In a TCP/IP network, each subnet independently enforces the preceding rules.

Multiple Subnets

Users might need to query multiple workgroups and domains to retrieve a list of servers within their workgroup or domain and create lists of other workgroups and domains. The figure below shows Computer Browser service operating with multiple domains and workgroups on the same subnet.

Computer Browser Service Across Multiple Domains

Computer Browser Service Across Multiple Domains

Upon becoming a master browse server, the master browse server for each subnet broadcasts a Local Master Announcement message every minute for the first five minutes. After the first five minutes, the master browse server broadcasts a Local Master Announcement message once every 12 minutes. If a subnet has not announced itself for three consecutive announcement periods, the subnet is removed from the list. Thus, a subnet might remain in the browse list for up to 45 minutes after failing or being shut down.

A Local Master Announcement message contains the following information:

  • The name of the domain or workgroup

  • The name of a master browse server (which might or might not be a PDC) for that domain

  • The version number of the operating system

If the browser computer is running Windows Server 2003 or Windows 2000 Server, the Local Master Announcement message also specifies whether or not the browser computer is the domain PDC.

Computer Browser Service Across an IP Router

When you use domains that are split across routers, the TCP/IP subnets function as independent browsing entities, each with its own master browse server and backup browse servers. Therefore, browser elections occur within each subnet. In contrast, workgroups do not span across an IP router.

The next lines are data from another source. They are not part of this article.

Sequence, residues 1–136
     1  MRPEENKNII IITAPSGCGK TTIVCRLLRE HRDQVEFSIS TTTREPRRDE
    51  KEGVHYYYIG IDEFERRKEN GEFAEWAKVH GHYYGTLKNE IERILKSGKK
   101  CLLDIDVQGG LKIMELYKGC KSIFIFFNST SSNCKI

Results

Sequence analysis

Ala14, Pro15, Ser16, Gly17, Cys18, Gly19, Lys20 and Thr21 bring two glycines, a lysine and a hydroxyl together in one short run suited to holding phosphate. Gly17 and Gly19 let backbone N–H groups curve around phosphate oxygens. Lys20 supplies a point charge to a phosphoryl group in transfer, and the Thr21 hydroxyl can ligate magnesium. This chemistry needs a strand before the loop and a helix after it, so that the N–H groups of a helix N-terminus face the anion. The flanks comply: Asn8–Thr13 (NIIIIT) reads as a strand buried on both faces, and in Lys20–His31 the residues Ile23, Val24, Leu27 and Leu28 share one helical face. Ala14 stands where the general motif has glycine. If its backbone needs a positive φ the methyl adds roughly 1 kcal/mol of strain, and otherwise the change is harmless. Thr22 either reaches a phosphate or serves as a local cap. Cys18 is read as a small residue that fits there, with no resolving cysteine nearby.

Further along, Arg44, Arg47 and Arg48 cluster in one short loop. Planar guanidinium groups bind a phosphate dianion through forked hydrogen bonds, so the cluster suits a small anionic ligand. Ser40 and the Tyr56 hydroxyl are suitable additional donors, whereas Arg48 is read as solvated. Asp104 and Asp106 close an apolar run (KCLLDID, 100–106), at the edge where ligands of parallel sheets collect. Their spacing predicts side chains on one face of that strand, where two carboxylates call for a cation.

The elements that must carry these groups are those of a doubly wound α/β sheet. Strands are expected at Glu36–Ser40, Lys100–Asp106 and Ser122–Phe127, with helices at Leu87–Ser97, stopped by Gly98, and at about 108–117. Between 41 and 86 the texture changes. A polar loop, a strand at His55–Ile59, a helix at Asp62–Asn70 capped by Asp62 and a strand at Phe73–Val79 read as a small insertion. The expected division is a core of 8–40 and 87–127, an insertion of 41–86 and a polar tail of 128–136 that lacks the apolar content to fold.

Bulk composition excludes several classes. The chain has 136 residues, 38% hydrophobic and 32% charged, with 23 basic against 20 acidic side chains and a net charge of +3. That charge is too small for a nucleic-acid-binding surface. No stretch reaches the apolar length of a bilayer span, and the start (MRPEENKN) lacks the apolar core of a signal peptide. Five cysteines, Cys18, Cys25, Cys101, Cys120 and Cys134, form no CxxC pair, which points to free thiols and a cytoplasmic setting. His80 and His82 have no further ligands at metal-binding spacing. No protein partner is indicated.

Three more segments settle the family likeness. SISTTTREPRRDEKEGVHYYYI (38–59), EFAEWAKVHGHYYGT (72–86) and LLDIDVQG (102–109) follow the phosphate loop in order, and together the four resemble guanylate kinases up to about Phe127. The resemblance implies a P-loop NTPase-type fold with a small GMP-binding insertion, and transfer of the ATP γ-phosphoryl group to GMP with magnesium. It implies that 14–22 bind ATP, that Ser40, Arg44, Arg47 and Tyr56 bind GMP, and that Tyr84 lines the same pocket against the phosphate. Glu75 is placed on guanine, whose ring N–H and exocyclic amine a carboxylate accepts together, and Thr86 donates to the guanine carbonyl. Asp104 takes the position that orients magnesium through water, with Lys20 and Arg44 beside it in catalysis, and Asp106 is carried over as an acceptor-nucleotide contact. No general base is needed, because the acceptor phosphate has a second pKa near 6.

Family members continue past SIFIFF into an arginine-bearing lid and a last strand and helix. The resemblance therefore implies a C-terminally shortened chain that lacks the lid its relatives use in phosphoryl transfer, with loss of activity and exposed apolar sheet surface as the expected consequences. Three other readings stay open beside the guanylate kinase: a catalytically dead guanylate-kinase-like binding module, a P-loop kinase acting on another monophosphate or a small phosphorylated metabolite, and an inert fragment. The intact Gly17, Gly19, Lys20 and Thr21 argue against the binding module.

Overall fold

Domain master browse servers collect the domain browse list, which includes the set of computers in the domain, and the set of other domains and workgroups. The master browse server on each subnet collects the set of computers in the domain and other domains and workgroups from received announcements; then the master browse server forwards this information to the domain master browse server. The domain master browse server periodically downloads the domain browse list to each master browse server, which in turn updates its backup browse servers.

The figure below shows Computer Browser service functioning across an IP router.

Computer Browser Service Across an IP Router

Computer Browser Service Across an IP Router

When a domain spans multiple subnets, the master browse servers for each subnet use a unicast Master Announcement message to announce themselves to the domain master browse server. This message notifies the domain master browse server that the sending computer is a master browse server in the same domain. When the domain master browse server receives a Master Browse Server Announcement message, it returns to the “announcing” master browse server a request for a list of the server’s in that master browse server’s subnet. When that list is received, the domain master browse server merges it with its own server list.

This process, repeated every 12 minutes, guarantees that the domain master browse server has a complete browse list of all the servers in the domain. Thus, when a client sends a browse request to a backup browse server, the backup browse server can return a list of all the servers in the domain, regardless of the subnet on which those servers are located.

Note

  • It is possible on some routers to enable the forwarding of NetBIOS broadcasts. This causes Computer Browser service to work as if all computers were connected to the same subnet. However, this practice propagates broadcast traffic and can create problems with browser elections. Microsoft recommends that you do not enable the forwarding of NetBIOS (UDP port 137 and UDP port 138) broadcast packets across routers.